Federal agency spending on contractor-provided services has grown dramatically. Services account for more than 60 percent of the dollars obligated through inter-agency contracts such as the General Services Administration schedules.
In 2005, the Defense Department spent 33 percent of its procurement dollars on services, excluding research and development, and construction services. These services ranged from grass cutting and food preparation, to maintaining major defense systems. Service contractors provide core logistics support for operations in Iraq and Afghanistan.
Federal agencies rely on service contractors for many reasons, including ceilings on the number of federal employees, lack of capabilities and expertise within the federal workforce, the desire to retain operational flexibility, the need for surge capacity, and unstable funding resulting from the annual appropriations process.
The Acquisition Advisory Panel noted the emergence of a “blended” workforce, where contractors work side-by-side with federal officials. The panel made several key findings about this blended workforce, observing that the lines between governmental and commercial functions have blurred.
Agencies are inconsistent in defining inherently governmental activities. An inherently governmental activity is one that is so intimately related to the public interest as to mandate performance by federal employees.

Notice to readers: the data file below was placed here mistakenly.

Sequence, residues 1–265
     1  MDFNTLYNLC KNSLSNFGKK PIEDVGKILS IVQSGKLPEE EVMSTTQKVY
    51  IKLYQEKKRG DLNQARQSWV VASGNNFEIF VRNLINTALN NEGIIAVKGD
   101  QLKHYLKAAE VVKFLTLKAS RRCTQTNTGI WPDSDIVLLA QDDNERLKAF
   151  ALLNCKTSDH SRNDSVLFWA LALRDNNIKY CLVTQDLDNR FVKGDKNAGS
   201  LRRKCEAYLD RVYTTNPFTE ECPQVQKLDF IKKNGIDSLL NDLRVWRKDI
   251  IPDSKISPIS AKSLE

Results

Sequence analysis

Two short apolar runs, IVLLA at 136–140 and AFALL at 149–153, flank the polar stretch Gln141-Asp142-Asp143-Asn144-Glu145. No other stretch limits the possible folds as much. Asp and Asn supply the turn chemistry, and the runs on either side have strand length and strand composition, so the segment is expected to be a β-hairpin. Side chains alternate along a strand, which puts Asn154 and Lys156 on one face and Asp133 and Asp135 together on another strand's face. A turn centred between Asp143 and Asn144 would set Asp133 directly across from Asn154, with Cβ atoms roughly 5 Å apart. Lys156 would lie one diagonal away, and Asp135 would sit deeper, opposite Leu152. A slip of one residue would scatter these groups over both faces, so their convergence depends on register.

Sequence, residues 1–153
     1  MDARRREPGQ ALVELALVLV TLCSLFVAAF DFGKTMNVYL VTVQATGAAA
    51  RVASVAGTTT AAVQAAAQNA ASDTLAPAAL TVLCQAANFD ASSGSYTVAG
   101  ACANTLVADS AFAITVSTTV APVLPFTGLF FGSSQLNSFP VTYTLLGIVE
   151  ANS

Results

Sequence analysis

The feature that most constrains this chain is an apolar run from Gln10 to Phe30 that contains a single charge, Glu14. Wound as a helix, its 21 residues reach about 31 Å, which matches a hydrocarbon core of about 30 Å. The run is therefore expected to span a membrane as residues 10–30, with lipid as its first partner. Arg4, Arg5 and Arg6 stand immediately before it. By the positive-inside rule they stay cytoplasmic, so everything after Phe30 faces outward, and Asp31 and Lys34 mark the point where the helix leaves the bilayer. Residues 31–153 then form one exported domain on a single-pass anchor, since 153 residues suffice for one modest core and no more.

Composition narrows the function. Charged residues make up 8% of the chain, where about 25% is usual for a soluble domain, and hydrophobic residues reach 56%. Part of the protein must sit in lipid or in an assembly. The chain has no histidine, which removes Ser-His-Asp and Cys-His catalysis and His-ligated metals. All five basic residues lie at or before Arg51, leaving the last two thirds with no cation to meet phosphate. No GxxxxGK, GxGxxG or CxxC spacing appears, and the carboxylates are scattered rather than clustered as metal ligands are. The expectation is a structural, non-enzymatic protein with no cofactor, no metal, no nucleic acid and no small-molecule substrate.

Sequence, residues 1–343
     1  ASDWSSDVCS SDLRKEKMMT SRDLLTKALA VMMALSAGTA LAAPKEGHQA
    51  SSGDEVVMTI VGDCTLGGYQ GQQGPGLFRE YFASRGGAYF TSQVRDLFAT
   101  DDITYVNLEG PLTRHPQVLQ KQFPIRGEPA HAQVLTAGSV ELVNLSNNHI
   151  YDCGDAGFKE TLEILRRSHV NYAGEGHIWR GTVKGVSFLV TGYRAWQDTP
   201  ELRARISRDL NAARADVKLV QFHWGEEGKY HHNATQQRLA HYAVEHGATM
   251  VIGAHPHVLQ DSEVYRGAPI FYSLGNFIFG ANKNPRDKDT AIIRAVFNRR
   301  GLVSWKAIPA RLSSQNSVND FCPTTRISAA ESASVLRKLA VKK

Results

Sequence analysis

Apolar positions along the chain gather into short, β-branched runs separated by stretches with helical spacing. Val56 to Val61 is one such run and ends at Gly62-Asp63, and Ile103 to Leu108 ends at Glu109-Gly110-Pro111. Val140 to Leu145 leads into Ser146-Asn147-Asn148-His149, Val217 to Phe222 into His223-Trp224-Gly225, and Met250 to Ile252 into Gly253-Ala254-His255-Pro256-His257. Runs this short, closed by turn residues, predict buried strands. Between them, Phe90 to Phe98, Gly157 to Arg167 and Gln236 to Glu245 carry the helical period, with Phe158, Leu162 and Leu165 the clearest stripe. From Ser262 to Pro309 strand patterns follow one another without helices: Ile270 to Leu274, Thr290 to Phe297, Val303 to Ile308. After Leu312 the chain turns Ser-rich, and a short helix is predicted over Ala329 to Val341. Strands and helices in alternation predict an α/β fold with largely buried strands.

Agencies increasingly rely on contractors for functions previously performed by civil servants. The extent to which agencies rely on contractors to perform core missions varies widely both within and among agencies. Most importantly, the panel cautioned that agencies must maintain the integrity of the government’s decision-making processes.
In this blended workforce, contractors shape and influence many decisions made by the federal government. In some cases, contractors make decisions once characterized as inherently governmental. While there is nothing inherently wrong with a blended workforce — except arguably higher costs and loss of core expertise within the federal workforce — a blended workforce must be vigilant about potential conflicts of interest.
Industry consolidation and soaring levels of contractor participation in the blended workforce have increased the occurrence of organizational conflicts of interest. These conflicts arise in many contexts: corporate financial interests, teaming arrangements, legitimate access to non-public information while working on other government contracts, participation in developing contract requirements and biases that impair objectivity.
Generally, avoiding such conflicts altogether is preferred, but some of them can be mitigated effectively. The Federal Acquisition Regulation requires contracting officers “to avoid, neutralize, or mitigate significant conflicts before contract award.” Ignoring organizational conflicts of interest can result in disqualification from future work.
The Government Accountability Office recently sustained two protests based upon “impaired objectivity.” In both cases, the GAO concluded that an organizational conflict of interest existed when contract performance could have a direct economic effect on the contractor.
GAO held that the agencies had failed to reasonably identify and evaluate potential conflicts associated with contract performance. These cases suggest that contracting officers and contractors must demonstrate awareness of conflicts and seek specifically to remedy “impaired objectivity.”